Mind the gap.
No, not the warning in the Underground.
I’m talking about the generation gap. That’s right. Here it comes:
Items of Interest: Ep. 14
Generation C, the DIY Generation
Generation C is not your typical generation. It’s not defined by dates, birth year, decades. The “C” stands for Content.
This phenomenon captures the avalanche of consumer generated ‘content’ that is building on the Web, adding tera-peta bytes of new text, images, audio and video on an ongoing basis. They’re using technical tools to create and publicize their own content. It’s easy. Blogging, social media, self-publishing, YouTube videos, Flickr. There are hundreds of ways for you to spread your content far and wide. You also have the opportunity to focus your content laser on the people who are interested in what you have to give.
The ultimate shouting into the void.
And, it’s not limited to content. The upcoming generation has taken a Do-It-Yourself approach to business. The entrepreneurial spirit has captured the young generation. Look at Google. The founders didn’t even meet each other until 1995 and now it’s one of the most influential companies in the world. Apple has changed from living in Microsoft’s shadow to a leader in technology.
What is bolstering this Do-It-Yourself spirit?
Technology. Need to make a bank deposit? Use a machine. Need to hang a shelf? Go to the hardware store and buy the materials. Need to rewire your house? I’m sure there’s a YouTube video on that somewhere…
But, wait! There’s more!
Most professional content industries (production studios, publishers, news corporations, recording studios) have gatekeepers. And, they have gatekeepers for a reason. There is value in the gatekeeper.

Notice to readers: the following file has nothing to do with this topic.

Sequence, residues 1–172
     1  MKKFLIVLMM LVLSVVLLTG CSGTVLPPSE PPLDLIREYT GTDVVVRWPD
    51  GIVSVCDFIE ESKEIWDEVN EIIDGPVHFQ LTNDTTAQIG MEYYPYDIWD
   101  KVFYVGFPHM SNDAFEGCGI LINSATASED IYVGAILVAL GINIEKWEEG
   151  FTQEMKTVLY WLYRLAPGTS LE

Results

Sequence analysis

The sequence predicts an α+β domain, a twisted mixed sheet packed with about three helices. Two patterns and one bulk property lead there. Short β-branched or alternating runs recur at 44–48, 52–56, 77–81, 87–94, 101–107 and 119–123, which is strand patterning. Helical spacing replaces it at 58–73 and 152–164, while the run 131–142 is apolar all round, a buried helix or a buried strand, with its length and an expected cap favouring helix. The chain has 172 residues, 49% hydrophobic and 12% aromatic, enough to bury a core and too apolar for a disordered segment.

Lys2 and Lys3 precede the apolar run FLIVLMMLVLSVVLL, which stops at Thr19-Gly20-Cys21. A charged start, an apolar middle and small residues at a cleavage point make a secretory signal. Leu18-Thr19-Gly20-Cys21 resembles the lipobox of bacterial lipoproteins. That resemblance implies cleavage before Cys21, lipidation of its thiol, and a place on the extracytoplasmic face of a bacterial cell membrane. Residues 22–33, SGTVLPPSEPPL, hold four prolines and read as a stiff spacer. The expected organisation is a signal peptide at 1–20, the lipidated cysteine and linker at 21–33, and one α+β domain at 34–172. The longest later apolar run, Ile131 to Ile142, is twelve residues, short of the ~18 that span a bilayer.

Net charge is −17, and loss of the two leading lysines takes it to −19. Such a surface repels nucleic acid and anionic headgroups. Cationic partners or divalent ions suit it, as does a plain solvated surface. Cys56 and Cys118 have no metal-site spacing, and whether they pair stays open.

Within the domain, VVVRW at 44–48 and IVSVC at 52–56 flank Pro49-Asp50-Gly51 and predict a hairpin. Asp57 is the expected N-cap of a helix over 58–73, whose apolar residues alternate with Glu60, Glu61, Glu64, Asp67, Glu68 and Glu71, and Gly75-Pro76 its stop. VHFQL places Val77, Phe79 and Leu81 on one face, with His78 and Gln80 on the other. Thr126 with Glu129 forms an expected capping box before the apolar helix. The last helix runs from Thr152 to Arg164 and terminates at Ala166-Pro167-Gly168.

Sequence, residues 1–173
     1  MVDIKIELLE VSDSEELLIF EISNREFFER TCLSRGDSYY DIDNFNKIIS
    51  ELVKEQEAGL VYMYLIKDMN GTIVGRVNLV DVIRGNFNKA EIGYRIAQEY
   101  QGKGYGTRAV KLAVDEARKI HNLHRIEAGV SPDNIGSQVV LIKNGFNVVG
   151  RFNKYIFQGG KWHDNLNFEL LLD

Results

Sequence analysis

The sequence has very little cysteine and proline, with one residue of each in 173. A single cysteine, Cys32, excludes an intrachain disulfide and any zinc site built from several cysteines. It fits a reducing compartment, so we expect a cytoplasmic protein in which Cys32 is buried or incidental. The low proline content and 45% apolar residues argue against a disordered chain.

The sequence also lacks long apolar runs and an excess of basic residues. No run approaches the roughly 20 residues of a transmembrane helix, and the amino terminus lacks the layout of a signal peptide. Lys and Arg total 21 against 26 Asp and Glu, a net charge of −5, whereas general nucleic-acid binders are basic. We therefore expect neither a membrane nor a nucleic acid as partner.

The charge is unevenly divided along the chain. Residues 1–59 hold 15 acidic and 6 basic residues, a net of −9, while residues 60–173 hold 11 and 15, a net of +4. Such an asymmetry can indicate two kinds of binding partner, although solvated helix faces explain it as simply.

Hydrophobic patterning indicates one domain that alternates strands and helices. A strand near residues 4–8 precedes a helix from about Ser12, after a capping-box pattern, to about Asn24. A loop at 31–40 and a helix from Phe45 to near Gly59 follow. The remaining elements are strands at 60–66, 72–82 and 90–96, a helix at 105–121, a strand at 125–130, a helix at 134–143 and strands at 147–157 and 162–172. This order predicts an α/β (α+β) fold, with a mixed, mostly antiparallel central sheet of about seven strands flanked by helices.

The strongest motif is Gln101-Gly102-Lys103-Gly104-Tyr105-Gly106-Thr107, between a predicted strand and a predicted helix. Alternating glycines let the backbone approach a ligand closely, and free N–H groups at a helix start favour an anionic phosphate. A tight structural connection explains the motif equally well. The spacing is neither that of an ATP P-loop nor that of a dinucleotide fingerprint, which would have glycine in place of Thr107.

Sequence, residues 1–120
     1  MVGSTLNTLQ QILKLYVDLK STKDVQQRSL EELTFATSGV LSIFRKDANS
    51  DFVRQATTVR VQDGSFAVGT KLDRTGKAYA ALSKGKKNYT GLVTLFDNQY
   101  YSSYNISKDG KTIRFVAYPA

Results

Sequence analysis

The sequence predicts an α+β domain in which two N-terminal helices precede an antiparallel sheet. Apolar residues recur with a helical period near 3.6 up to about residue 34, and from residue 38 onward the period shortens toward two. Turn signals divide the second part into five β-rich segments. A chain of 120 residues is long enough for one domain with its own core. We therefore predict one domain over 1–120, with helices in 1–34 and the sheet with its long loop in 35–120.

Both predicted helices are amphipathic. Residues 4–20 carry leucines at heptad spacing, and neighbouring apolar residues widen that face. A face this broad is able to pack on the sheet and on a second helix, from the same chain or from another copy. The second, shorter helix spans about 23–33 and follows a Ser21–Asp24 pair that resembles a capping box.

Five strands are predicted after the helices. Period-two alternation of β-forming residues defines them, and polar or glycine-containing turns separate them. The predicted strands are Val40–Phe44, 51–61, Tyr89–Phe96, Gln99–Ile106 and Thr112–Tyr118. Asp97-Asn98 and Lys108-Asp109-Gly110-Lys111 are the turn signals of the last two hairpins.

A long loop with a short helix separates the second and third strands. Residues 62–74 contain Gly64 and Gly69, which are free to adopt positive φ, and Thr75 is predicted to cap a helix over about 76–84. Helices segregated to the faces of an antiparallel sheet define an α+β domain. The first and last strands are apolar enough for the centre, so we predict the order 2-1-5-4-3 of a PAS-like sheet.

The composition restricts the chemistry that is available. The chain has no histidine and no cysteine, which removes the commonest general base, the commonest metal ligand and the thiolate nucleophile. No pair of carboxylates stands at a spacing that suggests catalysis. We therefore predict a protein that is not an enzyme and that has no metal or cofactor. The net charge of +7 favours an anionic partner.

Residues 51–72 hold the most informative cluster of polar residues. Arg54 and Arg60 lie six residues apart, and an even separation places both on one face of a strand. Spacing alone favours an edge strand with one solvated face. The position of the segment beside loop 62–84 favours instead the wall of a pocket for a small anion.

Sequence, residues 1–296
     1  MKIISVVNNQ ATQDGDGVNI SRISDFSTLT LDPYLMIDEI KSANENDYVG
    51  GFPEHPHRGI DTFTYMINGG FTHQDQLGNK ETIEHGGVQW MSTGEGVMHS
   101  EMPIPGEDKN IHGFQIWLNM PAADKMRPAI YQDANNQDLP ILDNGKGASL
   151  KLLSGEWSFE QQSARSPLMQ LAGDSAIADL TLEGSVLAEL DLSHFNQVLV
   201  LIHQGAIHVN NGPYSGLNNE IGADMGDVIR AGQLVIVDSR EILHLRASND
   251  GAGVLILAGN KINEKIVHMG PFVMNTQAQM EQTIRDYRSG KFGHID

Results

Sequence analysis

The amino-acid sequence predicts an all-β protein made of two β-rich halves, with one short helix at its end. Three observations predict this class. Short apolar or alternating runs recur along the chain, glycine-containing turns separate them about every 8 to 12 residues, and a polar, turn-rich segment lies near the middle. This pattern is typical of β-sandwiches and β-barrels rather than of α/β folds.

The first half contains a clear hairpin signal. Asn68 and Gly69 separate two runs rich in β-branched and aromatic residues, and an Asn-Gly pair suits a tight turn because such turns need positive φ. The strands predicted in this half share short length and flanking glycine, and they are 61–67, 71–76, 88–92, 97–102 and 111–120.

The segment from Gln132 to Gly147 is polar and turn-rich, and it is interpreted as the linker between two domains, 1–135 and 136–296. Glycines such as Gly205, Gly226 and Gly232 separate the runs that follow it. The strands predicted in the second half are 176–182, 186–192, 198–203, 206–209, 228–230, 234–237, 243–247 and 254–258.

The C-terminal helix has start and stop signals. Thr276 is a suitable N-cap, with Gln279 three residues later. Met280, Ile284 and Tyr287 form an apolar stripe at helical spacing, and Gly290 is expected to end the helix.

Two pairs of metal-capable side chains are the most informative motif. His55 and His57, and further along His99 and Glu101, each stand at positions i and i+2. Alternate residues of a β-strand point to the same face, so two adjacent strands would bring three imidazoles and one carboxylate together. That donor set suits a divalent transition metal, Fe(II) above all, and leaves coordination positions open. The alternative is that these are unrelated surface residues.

Let’s be honest. I can take a picture of a pier. Doesn’t mean it belongs on a poster or postcard. It’s just something I put up on my blog when I *cough* don’t have anything to write that day.
Just because I can record a song in GarageBand doesn’t mean I can cut an album (nor should I). You can list every successful content creator out there, but for every one success story, there are hundreds of failures. Why?
I’ll tell you.
In Creativity, Mihaly Csikszentmihaliyi tells us why being “creative” isn’t enough. You must know your domain and know the rules of it. What’s a domain?
Like Psychology or Literature. The category of “thing” you want to contribute to.
Then, you need to be in a field, a place where people can judge if your innovation is novel and relevant enough to be added to the cultural knowledge base. While the Internet is used by millions of people, how many visitors do you get on your blog?
Think about it. There were nearly 290,000 books traditionally published in the US in 2009.
Which ones did you read? (What Oprah told you?)
I’m proud to be part of Generation C. I love hanging out on social media. I like blogging about things I find interesting.
But if I want to be added to the cultural knowledge base, there are a few gates I need to crash.
Read more about Generation C here.